Plant Breeding Overview (HS 521)

Exercise 5 – GxE, Index Selection, Resistance

Give complete answers, but be brief and specific. Show your work.

20 points total

1. If you had six genotypes tested in 5 environments such that each genotype was ranked according to its performance in that particular environment, which genotype(s) would you select to release and why?  Rank the order of genotypes based on performance over all environments.

E1   E2   E3   E4   E5
G2   G6   G3   G2   G4
G4   G3   G5   G5   G2
G5   G2   G2   G3   G3
G3   G1   G1   G6   G5
G1   G5   G4   G4   G1
G6   G4   G6   G1   G6



2a. Calculate the following selection indices for the families shown below (only 5 of the 300 families tested are shown; best possible quality rating is 9, best possible disease rating is 0):

Independent Culling Level (≥ check), Simple Weighted (35% yield, 40% quality, 25% disease), Elston’s Weight-Free, Baker’s Standard Deviation, and Average Rank.

Yield  Rating   Corrected values    Index for selection
Plant ($/A) Qual Dis Yield Qual  Dis    ICL  SW   EWF  BSD  AR
1    220    1   0  _____ _____ _____ ____ ____ ____ ____ ____
2     35    9   4  _____ _____ _____ ____ ____ ____ ____ ____
3     85    4   6  _____ _____ _____ ____ ____ ____ ____ ____
4    170    8   2  _____ _____ _____ ____ ____ ____ ____ ____
5    115    7   1  _____ _____ _____ ____ ____ ____ ____ ____
Range 30-300 1-9 9-0
Check  170    7   2
Worst   21    1   7
SP      23   1.8 2.1

2b. Which family is the best and which family is worst, considering all three traits?


2c. Why?


3a. What are four strategies for deploying resistance to diseases?



3b. What are three ways disease resistance can be inherited?



3c. What are three factors to consider when evaluating germplasm accessions for disease resistance?



4. What additional problems do breeders have to consider when selecting for disease and arthropod resistance compared to “normal” traits (e.g. cold tolerance)? Briefly discuss 3 of the problems.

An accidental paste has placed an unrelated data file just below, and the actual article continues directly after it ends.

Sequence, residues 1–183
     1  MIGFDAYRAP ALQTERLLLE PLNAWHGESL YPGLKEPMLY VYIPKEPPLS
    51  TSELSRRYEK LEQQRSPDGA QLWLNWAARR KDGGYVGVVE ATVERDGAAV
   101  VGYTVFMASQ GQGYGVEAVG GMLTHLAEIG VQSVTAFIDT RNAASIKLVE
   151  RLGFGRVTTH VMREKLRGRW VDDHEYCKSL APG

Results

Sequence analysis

5. Suppose your plant breeding class takes a field trip to the US Vegetable Laboratory in Charleston, SC. While at the Vegetable Lab, you visit with Dr. Mark Farnham who is a Brassica breeder. One of his breeding objectives is to develop broccoli germplasm with insect resistance. One of the damaging insect pests of broccoli is imported cabbage worm. The number of imported cabbage worms has been extremely high this summer in Charleston. In one of Dr. Farnham’s broccoli fields, you observe some plants apparently resistant to the imported cabbage worm.

Please hypothesize on the possible type of resistance in the following scenarios and state why you chose that particular hypothesis.

5a. In one corner of the field, broccoli plants are free from feeding damage and no cabbage worms are visible on the foliage; their progeny have lots of feeding damage in a subsequent trial.



5b. Several plants have a large amount of feeding damage, and worms are observed feeding in the older leaves.  However, the plants have lots of leaves which are formed at a higher rate than the surrounding plants, and they have the same yield as plants with no worms on them.



5c. Another group of broccoli plants has little feeding damage on the leaves.  There are several dead larvae on the leaves of those plants.  In addition, a few live worms are observed on the plants but they are not feeding.



5d. One plant appears to have waxier leaves than surrounding plants which have significantly more cabbage worms and eggs on them.



5e. A group of plants that was bred for earliness, and grown on plastic mulch has been harvested 2 weeks before the other plants in the field were mature; they had no insect damage on them.